Southern Africa’s Rising Star – Aired December 2011
Mozambique has put its civil-war years well behind it.
Thanks to an ambitious reform program, Mozambique has maintained macroeconomic stability for more than a decade and offers a wide range of sectors with exceptional potential, including mining, tourism, infrastructure and hydropower, among many others.
Mozambique’s economy has an impressive track record. Mozambique achieved an average annual GDP growth rate of 9% between 1997 and 2007 and reached 8% GDP growth in 2010 in spite of the global crisis.
One of the poorest countries in the world when it won independence from Portugal in 1975, Mozambique is still combating poverty, but definitely making progress, as Maputo’s modern skyline and bustling port demonstrate.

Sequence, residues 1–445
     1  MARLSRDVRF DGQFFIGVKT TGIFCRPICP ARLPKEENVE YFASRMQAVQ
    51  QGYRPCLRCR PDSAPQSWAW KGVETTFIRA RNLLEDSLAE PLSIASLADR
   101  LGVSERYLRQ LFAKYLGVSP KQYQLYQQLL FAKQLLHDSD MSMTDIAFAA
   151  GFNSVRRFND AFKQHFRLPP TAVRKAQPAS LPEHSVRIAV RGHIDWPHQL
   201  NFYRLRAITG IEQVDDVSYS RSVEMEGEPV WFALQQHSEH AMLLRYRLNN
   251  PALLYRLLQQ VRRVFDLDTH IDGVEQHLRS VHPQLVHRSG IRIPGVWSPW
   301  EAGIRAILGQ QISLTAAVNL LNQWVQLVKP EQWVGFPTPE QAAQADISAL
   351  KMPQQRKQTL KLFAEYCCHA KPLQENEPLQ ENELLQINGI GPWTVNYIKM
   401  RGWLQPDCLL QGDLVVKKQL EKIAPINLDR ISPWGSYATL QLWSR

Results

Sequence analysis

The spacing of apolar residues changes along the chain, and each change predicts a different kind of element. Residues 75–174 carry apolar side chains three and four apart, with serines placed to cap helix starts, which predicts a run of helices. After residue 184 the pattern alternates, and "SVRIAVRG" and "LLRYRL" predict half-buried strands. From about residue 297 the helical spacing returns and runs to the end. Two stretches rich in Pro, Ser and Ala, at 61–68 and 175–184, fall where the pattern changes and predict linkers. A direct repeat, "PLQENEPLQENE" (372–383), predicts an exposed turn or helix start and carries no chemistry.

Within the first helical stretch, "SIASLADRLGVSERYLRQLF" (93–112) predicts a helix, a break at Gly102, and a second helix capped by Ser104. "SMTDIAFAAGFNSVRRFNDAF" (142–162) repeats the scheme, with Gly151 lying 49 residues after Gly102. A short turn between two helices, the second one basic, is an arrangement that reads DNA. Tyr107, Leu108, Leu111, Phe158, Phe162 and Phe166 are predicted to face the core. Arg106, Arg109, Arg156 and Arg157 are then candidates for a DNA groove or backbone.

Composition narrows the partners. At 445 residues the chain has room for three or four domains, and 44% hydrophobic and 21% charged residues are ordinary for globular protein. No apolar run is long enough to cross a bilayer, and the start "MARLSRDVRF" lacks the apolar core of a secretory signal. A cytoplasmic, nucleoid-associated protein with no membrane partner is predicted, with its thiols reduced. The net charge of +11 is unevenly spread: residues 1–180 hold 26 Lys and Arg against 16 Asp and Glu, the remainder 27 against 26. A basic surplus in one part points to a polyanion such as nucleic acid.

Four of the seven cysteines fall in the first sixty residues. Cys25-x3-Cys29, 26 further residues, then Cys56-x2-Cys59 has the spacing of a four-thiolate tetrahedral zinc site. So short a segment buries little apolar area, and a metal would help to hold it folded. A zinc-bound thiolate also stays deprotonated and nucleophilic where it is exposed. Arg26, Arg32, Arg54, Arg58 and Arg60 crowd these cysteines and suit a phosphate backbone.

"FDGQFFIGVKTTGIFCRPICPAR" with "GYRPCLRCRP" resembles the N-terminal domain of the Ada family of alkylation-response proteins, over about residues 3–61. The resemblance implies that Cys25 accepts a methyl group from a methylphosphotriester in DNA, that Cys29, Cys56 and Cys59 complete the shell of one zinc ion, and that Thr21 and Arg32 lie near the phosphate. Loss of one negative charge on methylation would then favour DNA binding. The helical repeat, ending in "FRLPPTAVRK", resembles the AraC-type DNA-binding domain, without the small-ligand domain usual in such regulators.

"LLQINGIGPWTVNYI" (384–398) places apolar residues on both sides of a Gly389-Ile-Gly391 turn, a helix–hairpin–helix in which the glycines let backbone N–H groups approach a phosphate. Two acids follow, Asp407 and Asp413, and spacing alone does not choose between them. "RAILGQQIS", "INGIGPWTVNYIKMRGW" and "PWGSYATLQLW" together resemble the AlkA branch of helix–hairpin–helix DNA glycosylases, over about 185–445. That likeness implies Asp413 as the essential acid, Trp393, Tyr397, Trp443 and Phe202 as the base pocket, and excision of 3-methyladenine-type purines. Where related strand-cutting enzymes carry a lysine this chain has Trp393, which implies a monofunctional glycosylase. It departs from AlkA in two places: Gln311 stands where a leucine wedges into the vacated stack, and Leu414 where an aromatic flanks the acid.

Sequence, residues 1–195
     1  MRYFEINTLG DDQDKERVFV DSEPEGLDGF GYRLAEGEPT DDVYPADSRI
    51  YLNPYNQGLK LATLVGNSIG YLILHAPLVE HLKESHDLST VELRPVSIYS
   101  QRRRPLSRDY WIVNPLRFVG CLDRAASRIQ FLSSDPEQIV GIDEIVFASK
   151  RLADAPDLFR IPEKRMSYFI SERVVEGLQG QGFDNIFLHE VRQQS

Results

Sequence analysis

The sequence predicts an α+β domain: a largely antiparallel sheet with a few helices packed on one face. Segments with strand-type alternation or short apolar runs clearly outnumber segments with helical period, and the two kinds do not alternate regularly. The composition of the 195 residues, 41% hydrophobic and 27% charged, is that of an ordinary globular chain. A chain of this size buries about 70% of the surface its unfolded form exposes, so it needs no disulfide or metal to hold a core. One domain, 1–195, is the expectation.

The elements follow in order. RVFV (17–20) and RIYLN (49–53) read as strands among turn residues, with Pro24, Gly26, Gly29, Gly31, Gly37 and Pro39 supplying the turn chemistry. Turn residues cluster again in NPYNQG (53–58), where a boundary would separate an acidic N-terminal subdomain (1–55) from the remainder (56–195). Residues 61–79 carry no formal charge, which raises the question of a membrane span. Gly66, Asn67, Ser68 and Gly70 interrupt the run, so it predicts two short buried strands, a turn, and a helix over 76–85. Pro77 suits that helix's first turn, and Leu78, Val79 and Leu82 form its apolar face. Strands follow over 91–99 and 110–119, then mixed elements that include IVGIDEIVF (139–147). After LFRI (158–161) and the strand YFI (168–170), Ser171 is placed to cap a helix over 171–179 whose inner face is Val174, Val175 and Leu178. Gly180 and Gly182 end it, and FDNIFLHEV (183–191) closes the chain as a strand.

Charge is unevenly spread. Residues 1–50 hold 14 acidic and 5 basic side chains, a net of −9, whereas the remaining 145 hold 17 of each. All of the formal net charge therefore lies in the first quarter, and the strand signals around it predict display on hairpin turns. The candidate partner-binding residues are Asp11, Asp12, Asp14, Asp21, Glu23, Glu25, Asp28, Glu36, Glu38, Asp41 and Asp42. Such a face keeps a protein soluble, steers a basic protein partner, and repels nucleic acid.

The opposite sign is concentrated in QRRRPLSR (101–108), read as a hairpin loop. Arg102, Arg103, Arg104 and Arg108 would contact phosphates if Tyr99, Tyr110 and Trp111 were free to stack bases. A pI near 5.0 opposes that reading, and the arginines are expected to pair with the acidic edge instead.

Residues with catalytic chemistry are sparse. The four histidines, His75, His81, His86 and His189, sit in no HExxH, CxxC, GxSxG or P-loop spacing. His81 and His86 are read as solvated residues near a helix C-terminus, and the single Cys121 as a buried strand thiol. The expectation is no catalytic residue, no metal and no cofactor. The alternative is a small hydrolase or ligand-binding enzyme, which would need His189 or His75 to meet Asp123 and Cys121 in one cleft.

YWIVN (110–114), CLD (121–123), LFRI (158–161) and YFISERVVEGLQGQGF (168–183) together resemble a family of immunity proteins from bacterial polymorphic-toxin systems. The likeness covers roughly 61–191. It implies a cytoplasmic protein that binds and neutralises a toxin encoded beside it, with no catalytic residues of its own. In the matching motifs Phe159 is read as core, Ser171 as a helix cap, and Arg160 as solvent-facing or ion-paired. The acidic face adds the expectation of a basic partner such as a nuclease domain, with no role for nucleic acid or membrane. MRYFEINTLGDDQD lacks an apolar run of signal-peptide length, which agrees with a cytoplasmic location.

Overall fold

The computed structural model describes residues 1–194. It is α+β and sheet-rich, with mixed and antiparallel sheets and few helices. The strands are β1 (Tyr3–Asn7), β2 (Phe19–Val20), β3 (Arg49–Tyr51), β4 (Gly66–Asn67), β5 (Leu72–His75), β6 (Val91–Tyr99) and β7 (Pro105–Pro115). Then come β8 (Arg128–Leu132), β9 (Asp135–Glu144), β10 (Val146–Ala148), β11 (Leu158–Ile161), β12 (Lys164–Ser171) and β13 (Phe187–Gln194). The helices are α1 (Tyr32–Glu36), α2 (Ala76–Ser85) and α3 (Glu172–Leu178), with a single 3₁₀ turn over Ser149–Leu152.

Foreign investment and international donor support remain essential for keeping Mozambique’s economic growth on track. Thanks to its natural beauty, ideal location for trade, and almost limitless development potential, Mozambique certainly has the investment appeal to keep FDI flowing in.
With its long coastline on the Indian Ocean offering easy access to markets throughout Africa, the Middle East, Asia and beyond, Mozambique is well placed to become a major global trade hub.
In this respect, ports play an essential rol in the economic development of the country. Through the ports of Beira and Maputo, millions of tons of goods are shipped every year.
Mozambique is also launching projects to modernize its rail links to all its ports as well as to neighboring Malawi, Zambia and Zimbabwe.
Mozambique’s road network, which remains primitive in rural areas, is getting a major upgrade as well with the help of the private sector. Mozambique invested US$350 million in building 500 kilometers of road in 2011, with much of the construction focused on serving Tete’s coal mines.